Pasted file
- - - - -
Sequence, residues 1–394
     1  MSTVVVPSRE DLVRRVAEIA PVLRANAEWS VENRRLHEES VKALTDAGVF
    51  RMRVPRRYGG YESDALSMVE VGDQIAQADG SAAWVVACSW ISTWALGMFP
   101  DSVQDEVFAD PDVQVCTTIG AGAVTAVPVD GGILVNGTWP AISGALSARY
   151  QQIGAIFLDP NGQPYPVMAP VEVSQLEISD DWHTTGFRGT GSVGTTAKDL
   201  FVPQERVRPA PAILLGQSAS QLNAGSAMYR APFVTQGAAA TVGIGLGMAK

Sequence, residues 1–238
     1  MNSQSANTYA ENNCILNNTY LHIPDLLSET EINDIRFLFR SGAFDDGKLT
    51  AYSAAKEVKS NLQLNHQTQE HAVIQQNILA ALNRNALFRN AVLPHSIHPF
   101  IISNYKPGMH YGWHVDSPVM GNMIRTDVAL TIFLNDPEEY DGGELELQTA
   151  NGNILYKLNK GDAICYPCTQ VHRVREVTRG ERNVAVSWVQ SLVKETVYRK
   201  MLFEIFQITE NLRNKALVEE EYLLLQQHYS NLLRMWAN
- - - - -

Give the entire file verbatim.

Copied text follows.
Sequence, residues 1–394
     1  MSTVVVPSRE DLVRRVAEIA PVLRANAEWS VENRRLHEES VKALTDAGVF
    51  RMRVPRRYGG YESDALSMVE VGDQIAQADG SAAWVVACSW ISTWALGMFP
   101  DSVQDEVFAD PDVQVCTTIG AGAVTAVPVD GGILVNGTWP AISGALSARY
   151  QQIGAIFLDP NGQPYPVMAP VEVSQLEISD DWHTTGFRGT GSVGTTAKDL
   201  FVPQERVRPA PAILLGQSAS QLNAGSAMYR APFVTQGAAA TVGIGLGMAK

Sequence, residues 1–238
     1  MNSQSANTYA ENNCILNNTY LHIPDLLSET EINDIRFLFR SGAFDDGKLT
    51  AYSAAKEVKS NLQLNHQTQE HAVIQQNILA ALNRNALFRN AVLPHSIHPF
   101  IISNYKPGMH YGWHVDSPVM GNMIRTDVAL TIFLNDPEEY DGGELELQTA
   151  NGNILYKLNK GDAICYPCTQ VHRVREVTRG ERNVAVSWVQ SLVKETVYRK
   201  MLFEIFQITE NLRNKALVEE EYLLLQQHYS NLLRMWAN